House Extension Guide

1. Types of house extension

The main types of house extension are as follows:

Single storey house extension

Single storey extensions are constructed so that one or more the walls border the existing house. Often a single storey extension is used to increase the size of a kitchen and/or living area.

When considering a single storey house extension there are some key factors to consider including:

  • The additional living space you want to create.
  • Any impact a single-storey extension would have on your neighbours.
  • How the new roof system will work with the existing roof.
  • Planning permission limitations.
  • Building control limitations.
  • Structural calculations.
  • Conservation area.

Multi-storey house extension

A multi-storey house extension is an extension spanning over more than one floor. A multi-storey extension will drastically increase the houses living space.

When considering a multi-storey house extension there are some key factors to consider including:

  • The additional living space you want to create.
  • Any impact a multi-storey extension would have on your neighbours.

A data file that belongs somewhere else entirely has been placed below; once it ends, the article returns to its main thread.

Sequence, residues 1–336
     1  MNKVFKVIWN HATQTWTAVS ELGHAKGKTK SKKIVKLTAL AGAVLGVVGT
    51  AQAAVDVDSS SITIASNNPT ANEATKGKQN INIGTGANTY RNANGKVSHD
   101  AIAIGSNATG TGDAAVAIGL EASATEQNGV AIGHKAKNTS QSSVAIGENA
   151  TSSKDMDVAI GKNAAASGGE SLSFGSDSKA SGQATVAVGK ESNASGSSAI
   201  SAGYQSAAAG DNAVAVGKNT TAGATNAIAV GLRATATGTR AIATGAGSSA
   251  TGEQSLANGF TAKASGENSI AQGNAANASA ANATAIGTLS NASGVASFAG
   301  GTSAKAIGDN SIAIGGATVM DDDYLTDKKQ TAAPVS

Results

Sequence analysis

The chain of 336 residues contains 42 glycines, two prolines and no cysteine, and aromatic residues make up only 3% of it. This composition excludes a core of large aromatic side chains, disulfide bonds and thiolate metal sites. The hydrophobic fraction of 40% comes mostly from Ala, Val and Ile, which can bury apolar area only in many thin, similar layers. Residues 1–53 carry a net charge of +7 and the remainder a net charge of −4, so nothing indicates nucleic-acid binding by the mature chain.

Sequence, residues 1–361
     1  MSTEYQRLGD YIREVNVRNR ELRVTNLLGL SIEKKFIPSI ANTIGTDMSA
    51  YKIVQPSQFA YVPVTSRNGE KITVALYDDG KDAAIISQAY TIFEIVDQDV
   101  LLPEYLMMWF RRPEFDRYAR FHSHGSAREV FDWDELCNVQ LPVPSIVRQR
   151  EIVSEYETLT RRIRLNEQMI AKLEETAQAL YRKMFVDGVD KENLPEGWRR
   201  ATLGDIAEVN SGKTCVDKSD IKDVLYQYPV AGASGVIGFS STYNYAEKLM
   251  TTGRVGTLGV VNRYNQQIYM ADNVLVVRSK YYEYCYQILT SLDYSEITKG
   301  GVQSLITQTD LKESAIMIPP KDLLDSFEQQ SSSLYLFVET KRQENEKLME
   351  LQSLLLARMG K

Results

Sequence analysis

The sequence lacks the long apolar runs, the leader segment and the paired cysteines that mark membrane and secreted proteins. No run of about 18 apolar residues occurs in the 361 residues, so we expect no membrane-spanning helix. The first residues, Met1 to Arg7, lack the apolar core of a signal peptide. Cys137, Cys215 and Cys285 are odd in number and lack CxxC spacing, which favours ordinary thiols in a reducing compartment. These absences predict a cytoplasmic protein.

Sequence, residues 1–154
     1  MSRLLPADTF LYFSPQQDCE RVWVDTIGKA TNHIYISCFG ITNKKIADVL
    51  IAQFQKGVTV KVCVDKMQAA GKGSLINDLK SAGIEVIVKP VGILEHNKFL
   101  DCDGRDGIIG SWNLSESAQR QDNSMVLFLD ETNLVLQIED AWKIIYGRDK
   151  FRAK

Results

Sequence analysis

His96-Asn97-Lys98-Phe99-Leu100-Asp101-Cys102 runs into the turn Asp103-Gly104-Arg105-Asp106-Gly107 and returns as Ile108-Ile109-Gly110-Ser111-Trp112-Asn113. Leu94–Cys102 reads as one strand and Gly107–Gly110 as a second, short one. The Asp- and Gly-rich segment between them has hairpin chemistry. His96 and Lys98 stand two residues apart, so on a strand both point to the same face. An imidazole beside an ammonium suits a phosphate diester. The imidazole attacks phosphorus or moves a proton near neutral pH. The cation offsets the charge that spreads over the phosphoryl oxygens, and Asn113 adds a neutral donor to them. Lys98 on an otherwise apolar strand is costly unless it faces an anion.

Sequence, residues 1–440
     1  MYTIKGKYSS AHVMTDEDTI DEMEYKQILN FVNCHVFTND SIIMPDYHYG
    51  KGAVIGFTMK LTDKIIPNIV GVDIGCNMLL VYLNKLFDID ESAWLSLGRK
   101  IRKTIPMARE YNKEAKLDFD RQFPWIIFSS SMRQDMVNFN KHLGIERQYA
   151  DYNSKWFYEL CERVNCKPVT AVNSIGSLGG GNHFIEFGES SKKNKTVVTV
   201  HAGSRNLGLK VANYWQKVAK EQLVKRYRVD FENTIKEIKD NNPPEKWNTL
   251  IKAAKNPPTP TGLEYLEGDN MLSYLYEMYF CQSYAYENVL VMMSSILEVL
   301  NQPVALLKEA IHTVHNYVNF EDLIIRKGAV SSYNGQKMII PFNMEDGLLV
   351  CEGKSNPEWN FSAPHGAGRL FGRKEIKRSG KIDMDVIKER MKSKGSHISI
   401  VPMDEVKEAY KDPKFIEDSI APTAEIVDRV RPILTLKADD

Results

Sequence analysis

• How the new roof system will work with the existing roof.
  • Planning permission limitations.
  • Building control limitations.
  • Structural calculations.
  • Conservation area.

Over-structure extension

An over-structure extension is just like it sounds, built over an existing structure of your house. This type of extension is often built on top of a garage, kitchen or dining room. The technical requirements to ensure the supporting structure is adequate is quite complex. It might be necessary to install strengthening supports which will require the input of a structural engineer.

When considering an over-structure house extension there are some key factors to consider including:

  • The additional living space you want to create.
  • Any impact a over-sructure extension would have on your neighbours.
  • How the new roof system will work with the existing roof.
  • Planning permission limitations.
  • Building control limitations.
  • Structural calculations.
  • Conservation area.

2. Planning Permission Process Explained

Understanding when planning permission is required can be a very complicated matter. Each council has its own Planning Control office with the responsibility is to protect the public's interest with regards to the local environment and to maintain the character and amenity of an area is not adversely affected.

First steps you should take

We advise you to first talk to your neighbours this will ensure any queries and disagreements can be dealt with before submitting your proposed extension for Building Control approval. Often neighbours will be concerned about disruption to light and privacy. Overcoming these concerns early on will help make the planning process run more smoothly. Also Building Control will almost certainly contact your neighbours as part of the planning permission process.

Do you need planning permission for your proposed extension?